Food brings people together. Even when language is a challenge, sharing a meal breaks down barriers quickly. Some of our fondest travel memories involve meals we’ve shared or recipes we’ve brought home from a trip. Through our Food for Thought series, we hope to learn more about other travelers’ journeys, and the role food plays for them. A new interview is published each Friday. This week we are honored to present the thoughts of Matt from LandLopers. We’ve followed his adventures for quite some time, but only more recently discovered he has such passion for food. While he says he’s not a foodie, he loves to explore new places and cultures using his taste buds. We can relate! One of our favorite food posts is about the five foods Matt would travel for! As fellow pulled-pork lovers ourselves, we’re planning to seek out his recommendations while in Virginia!
An experiential traveler at heart, Matt Long shares his adventures with thousands of readers every day through his award winning travel blog, LandLopers.com. As someone who has a bad case of the travel bug, Matt travels the world in order to share tips on where to go, what to see and how to experience the best the world has to offer. Matt is a Washington, DC based travel blogger and has been featured on many other web sites and publications including BBC Travel, CNN GO, Huffington Post, AFAR Magazine and National Geographic Intelligent Travel. His work is also syndicated on Alltop and the Flipboard and Pulse apps.
Food for Thought
The underlying idea of the “Food for Thought” series is that to truly experience a culture you must taste it. Do you agree or disagree? Why?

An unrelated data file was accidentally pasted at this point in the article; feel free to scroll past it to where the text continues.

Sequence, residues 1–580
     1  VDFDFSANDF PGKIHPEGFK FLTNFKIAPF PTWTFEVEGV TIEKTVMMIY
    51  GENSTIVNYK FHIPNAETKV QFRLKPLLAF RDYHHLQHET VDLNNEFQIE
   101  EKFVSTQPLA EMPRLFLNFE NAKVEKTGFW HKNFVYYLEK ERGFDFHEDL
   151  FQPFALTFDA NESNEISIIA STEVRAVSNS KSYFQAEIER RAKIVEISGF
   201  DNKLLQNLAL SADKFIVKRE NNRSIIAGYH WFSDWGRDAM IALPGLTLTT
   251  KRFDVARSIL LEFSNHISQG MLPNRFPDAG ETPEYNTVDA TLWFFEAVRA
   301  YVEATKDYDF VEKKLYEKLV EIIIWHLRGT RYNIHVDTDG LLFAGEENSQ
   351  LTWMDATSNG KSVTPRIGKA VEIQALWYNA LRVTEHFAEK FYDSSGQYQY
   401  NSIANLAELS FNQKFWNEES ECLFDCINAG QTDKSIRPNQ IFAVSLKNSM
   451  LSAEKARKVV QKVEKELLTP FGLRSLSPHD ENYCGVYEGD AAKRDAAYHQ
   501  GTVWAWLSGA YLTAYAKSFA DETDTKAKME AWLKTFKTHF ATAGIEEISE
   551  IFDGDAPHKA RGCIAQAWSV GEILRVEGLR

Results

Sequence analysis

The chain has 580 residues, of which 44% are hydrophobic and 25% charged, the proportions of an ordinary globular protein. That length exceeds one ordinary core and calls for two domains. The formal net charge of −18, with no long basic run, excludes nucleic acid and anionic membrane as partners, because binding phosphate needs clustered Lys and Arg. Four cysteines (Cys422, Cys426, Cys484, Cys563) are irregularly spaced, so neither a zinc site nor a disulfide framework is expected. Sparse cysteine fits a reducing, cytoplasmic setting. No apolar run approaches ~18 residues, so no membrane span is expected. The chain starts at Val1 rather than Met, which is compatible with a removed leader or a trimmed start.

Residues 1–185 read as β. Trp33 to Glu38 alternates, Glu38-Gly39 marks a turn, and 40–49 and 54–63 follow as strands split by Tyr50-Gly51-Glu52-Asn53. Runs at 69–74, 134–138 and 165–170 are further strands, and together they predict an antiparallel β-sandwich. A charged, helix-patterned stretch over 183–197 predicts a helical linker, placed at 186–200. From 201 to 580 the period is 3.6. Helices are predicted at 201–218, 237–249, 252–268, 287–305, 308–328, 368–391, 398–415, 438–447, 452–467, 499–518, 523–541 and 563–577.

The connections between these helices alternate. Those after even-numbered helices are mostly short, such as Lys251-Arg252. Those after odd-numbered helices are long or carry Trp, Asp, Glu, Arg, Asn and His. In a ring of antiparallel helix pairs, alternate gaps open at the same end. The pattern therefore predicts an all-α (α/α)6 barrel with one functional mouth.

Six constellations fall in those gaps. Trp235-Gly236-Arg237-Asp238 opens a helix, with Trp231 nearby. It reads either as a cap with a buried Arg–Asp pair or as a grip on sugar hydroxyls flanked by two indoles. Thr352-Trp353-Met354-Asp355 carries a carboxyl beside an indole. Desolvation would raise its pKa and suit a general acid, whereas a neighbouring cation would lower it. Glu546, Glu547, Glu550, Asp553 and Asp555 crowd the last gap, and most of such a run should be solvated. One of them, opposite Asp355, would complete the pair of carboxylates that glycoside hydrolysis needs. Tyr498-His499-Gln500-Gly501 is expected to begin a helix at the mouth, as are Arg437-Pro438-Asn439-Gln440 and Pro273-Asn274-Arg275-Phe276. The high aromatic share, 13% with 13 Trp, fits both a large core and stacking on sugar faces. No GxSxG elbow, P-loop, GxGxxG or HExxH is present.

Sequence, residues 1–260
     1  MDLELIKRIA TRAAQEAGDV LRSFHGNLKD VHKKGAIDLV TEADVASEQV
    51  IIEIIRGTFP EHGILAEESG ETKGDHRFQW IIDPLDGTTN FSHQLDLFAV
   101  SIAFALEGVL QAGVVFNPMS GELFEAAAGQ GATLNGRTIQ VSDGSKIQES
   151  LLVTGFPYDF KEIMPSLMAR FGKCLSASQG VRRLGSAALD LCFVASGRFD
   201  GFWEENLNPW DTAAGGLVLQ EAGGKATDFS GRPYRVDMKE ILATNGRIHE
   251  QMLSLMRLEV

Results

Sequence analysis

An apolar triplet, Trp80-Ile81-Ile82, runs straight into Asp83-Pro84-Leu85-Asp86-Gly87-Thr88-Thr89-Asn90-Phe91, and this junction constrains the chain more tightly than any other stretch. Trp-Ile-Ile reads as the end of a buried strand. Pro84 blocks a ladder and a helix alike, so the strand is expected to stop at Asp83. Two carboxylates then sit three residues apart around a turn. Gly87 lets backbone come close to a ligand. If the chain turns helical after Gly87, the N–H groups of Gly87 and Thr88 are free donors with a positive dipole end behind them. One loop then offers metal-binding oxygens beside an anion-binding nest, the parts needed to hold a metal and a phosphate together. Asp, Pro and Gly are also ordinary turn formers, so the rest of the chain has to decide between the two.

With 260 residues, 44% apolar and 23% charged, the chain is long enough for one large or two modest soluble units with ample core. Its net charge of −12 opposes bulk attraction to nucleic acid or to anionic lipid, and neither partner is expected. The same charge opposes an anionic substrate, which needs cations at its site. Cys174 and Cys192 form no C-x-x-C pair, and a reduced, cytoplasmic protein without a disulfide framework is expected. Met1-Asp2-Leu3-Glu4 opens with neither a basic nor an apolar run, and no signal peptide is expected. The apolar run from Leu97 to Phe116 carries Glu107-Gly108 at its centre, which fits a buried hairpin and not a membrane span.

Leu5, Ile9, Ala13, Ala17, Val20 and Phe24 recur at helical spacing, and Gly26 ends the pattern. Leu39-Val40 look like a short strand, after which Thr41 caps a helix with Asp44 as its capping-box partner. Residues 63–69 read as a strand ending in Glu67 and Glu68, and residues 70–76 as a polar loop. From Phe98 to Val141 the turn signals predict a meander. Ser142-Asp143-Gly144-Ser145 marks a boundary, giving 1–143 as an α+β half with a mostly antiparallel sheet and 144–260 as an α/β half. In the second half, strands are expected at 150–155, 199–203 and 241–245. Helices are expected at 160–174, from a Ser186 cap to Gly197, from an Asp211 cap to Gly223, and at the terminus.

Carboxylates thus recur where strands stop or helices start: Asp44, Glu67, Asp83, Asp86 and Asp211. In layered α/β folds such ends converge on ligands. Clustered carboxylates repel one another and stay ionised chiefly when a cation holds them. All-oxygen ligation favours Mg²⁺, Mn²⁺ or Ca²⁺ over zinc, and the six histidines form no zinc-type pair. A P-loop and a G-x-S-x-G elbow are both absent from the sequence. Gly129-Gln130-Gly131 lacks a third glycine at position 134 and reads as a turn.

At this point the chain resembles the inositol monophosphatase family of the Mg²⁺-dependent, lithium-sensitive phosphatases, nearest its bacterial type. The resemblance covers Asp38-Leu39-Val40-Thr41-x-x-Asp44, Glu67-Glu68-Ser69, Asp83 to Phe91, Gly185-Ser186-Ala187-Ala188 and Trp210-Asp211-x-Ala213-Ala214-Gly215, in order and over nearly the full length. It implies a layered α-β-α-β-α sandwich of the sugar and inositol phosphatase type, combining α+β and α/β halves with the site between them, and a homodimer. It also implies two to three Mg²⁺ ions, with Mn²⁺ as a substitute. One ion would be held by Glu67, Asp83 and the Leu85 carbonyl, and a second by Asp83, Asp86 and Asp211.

Well I think it’s part of the experience. There are many ways to learn about new cultures, but food is without a doubt an important one. It’s also one of the fastest ways to gain insights to a new country.
What food do you identify with “home?” Does it reflect something about your own culture or upbringing? Do you crave it while you’re away?
Well I live in the Washington, DC metro area and we really don’t have a signature food, but I’m also from Virginia and I definitely identify great BBQ with the state. I don’t crave it per se, but I do love finding well-done pulled pork. When I’m away from home I crave staples like burgers and pizza more than anything.
How has travel affected the way you think about food?
It’s taught me to be more adventurous with my eating habits and to keep an open mind. I’ve learned a lot by trying new foods and learning how to replicate them at home. I’ve also learned that for many folks around the world, food is the ultimate way they offer hospitality. It’s more than just a necessity, it’s an act of kindness.
Do you have a technique to try and understand local cuisine? (ie: Attending cooking classes or food tours? Hunting the best street food?)
I love both taking cooking classes and going on food tours. Both activities are a lot of fun and I try to do at least one while traveling. I recently took an amazing food tour in London that explored the culinary side of the East End. It was one of the best I’ve ever done.
Tell us about a memorable meal that was so special it is forever ingrained in your memory. Where was it and what set it apart? What was served, and who shared it with you?
Peking duck in Taipei. I have never had anything quite like it before and the combination of flavors is one of my favorite. I can’t say exactly why I loved it so much, but it is a meal I will always remember.
What food have you tried in your travels that some might find shocking or surprising? Would you eat it again?
I’m not a very adventurous eater, so anything that is unsavory from my American point of view always shocks me. Whether it’s bugs or snakes or whatever, unusual food always takes me aback and no, I never eat it.
And just for fun, if you had to choose one country’s cuisine to eat for the rest of your life what would it be?
Probably the food in Jordan. It’s one of my favorite cuisines and I’m pretty sure a lifetime supply of hummus and falafel would make me a happy guy.